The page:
NEWS

Occupy Vancouver costs likely to top $1M

12/20/2011 09:31 EST | Updated 02/19/2012 05:12 EST

The City of Vancouver spent nearly $1 million dealing with the its Occupy protest this fall, and that figure could rise further, a senior city official says.

The lion's share of the costs — $590,000 — went to the Vancouver Police Department, primarily for officers’ overtime, deputy city manager Sadhu Johnston said Monday.

Engineering services cost another $345,878, the Emergency Operations Centre $28,494 and Vancouver Fire and Rescue Services charged $16,730.

The total comes to $981,103, Johnston said, but that number could rise because the payroll overtime data is incomplete until the end of the month.

Johnston said it was a challenging protest to deal with in both monetary terms and in other respects.

“We had just come off [the Stanley Cup] riot, so nerves were pretty raw, especially in workers downtown,” he said. “We incurred the majority of the costs in the first weekend and week when we didn’t know what to expect.”

Johnston did not downplay the expense of dealing with the protest, but suggested the money was well spent, considering the outcome.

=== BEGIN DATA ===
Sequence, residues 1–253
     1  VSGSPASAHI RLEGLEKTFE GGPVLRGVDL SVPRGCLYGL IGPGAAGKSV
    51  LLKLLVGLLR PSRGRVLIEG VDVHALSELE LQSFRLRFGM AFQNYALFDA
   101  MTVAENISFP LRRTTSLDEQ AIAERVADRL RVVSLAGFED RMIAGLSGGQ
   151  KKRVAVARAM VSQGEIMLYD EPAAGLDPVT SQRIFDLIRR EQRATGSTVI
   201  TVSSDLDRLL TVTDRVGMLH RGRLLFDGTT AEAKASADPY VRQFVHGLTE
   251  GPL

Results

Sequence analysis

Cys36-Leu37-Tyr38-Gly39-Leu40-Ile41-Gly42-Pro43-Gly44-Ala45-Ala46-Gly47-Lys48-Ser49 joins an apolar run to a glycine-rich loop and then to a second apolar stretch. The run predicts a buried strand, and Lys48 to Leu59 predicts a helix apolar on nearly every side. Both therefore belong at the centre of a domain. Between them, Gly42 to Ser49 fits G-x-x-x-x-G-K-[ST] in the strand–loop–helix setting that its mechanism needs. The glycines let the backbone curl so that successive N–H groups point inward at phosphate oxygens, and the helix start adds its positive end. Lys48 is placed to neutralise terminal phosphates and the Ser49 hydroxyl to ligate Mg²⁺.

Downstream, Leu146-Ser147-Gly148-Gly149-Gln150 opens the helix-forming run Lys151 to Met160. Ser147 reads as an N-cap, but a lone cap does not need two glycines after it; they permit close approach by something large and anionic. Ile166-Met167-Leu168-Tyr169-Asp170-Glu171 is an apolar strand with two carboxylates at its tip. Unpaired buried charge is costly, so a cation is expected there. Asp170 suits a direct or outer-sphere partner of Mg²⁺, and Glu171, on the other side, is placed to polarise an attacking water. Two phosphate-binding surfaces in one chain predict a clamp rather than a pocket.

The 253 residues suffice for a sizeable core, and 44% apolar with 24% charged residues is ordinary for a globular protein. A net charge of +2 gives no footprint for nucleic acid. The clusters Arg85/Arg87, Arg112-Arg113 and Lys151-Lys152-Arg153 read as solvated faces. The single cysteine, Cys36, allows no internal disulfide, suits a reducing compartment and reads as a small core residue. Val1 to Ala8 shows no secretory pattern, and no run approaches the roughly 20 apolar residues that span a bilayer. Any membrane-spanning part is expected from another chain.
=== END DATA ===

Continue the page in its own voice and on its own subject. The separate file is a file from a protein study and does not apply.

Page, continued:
“The city can be proud of the peaceful resolution to the protest in Vancouver, which is in contrast to the violence and conflict that occurred in many cities around the world,” Johnston said.

Costs higher elsewhere

Johnston noted that Vancouver's expenses aren't out of line with other North American cities.

To mid-November, Portland, Ore., spent $1.4 million US on policing and park expenses, Oakland, Calif., put out $2.4 million, while the site of North America’s biggest Occupy protest, New York City, involved costs of $7 million in police overtime alone.

Occupy Vancouver began Oct. 15 as part of a worldwide protest that has had a wide range of participants and agendas, but generally targeted “the one per cent” of the population protesters say control most of the wealth in the world.

The protest’s encampment on the lawn of the Vancouver Art Gallery ended with a B.C. Supreme Court decision ordering the protesters to leave the property by Nov. 21.

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